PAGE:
The thing about reverb, at least to me, it seems to move he guitar sound way back in the mix and can be used for an effect that way...very cool, kind of a milder version of how Gilmour plays the solo in "money" where he has this big delay and then turns it off midway through the solo, you notice how that makes the guitar seem to have moved "forward" in the mix, to be more intimate. Reverb works like that too.

    But reverb drenched, every song, is not a good sound for me.

    It's like many things, you have to learn to use it, or can just drop it (another good option), there is no one way.

    That said, other than when appropriate, like when you really do feel an obvious effect is the right choice, those for me are exceptions and the main sound I put out, when I use effects I almost want them to be so subtle that you can't really tell what is making it.
     
  16. StompBoxBlues

    StompBoxBlues Member

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    I think that is a really good way to do it!
     
  17. Drak

    Drak Supporting Member

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    Two bands I seem to be listening to lately are:
    The War on Drugs
    St. Vincent
    TWOD guitar tone is heavily drenched in ambient effects.
    St. Vincent guitar tone is as stark and starved of echo and verb as the Sahara Desert.
    I have really been enjoying switching back and forth between them lately.
    Admiring Annie Clark's razor sharp and sparse guitar sound.
    Her gated, immediate fuzz tone is the exact opposite side of Adam G's.
    I really like both sides of the coin.
    It's kinda like doing without them makes me appreciate them more when I do use them.
    I'm not addicted to everlasting waves of ambient trails, tho I do like to use them.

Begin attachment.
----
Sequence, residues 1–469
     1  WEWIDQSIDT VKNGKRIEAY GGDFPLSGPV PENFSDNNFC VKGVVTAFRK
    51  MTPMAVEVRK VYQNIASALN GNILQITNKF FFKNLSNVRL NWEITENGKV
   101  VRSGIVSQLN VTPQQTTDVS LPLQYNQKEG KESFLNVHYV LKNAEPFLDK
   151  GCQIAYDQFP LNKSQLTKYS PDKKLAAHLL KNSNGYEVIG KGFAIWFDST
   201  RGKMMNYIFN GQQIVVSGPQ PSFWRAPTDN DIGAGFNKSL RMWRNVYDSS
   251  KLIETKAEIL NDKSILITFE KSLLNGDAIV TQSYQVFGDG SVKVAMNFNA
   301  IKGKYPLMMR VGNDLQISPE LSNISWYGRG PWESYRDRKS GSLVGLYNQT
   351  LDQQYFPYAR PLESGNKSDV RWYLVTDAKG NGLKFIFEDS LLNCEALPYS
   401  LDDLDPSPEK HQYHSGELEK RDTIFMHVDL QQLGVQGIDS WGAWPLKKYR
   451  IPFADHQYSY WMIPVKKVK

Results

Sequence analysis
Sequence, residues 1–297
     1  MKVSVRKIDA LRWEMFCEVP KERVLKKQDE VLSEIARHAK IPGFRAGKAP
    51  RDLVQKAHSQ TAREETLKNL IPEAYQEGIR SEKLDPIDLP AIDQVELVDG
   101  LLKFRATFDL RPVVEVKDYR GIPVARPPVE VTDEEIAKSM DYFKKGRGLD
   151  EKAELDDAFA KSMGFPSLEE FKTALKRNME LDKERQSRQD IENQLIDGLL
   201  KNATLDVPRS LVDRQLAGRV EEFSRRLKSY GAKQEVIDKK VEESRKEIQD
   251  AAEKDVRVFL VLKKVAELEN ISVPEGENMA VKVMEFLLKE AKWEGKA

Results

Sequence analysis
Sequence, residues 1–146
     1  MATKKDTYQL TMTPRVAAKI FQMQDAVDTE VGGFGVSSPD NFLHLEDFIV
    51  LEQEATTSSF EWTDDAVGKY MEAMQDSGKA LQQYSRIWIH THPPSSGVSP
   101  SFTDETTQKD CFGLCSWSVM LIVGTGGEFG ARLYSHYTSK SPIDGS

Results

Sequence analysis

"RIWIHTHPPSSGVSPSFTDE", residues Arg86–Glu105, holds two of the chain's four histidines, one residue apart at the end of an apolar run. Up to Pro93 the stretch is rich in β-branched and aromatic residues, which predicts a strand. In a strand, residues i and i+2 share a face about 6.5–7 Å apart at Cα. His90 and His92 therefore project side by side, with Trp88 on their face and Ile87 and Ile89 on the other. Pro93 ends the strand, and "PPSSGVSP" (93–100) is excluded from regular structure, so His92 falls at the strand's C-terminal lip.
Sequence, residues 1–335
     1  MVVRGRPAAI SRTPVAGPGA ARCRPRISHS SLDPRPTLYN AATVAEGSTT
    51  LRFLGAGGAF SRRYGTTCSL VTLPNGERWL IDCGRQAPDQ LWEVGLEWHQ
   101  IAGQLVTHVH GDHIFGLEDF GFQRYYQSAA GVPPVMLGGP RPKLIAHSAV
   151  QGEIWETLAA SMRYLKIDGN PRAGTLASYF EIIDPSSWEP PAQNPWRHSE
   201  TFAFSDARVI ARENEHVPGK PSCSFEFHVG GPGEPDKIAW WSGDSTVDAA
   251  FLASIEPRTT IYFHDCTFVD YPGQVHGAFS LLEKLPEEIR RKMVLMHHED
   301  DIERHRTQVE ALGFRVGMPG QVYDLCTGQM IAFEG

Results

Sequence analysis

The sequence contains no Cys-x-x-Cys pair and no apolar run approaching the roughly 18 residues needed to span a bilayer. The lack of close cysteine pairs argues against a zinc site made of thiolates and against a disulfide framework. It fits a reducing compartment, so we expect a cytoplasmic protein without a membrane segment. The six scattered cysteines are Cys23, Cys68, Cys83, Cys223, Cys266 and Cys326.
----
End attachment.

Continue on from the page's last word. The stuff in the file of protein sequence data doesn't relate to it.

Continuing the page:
18. slimefuzz

    slimefuzz Member

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    i often turn the reverb up while i'm adjusting the sound, then turn it down to barely perceptible.
     
  19. Blix

    Blix Supporting Member

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    FWIW , I saw Josh Smith in Oslo a couple days ago, he used a fairly loud spring reverb all the time.
    As the spring reverb is so long in decay it did't really get in the way on anything and it wasn't distracting , but gave his sounds a certain "flavour" which was really cool.
     
  20. Kid Casseroli

    Kid Casseroli Member

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    For live gigs in a closed room venue, the following members' comments reflect my experience too, and I thought that repeating the comments might serve as insight for players who are willing to try something new.

    It's frustrating to listen to a good group when the guitar is lost in the mix, adding to the ambient noise, instead of contributing to the music. Recognizing when delay and reverb aren't needed is one solution to improve the mix.

    When the music is priority number 1, balancing the effects will help keep it that way.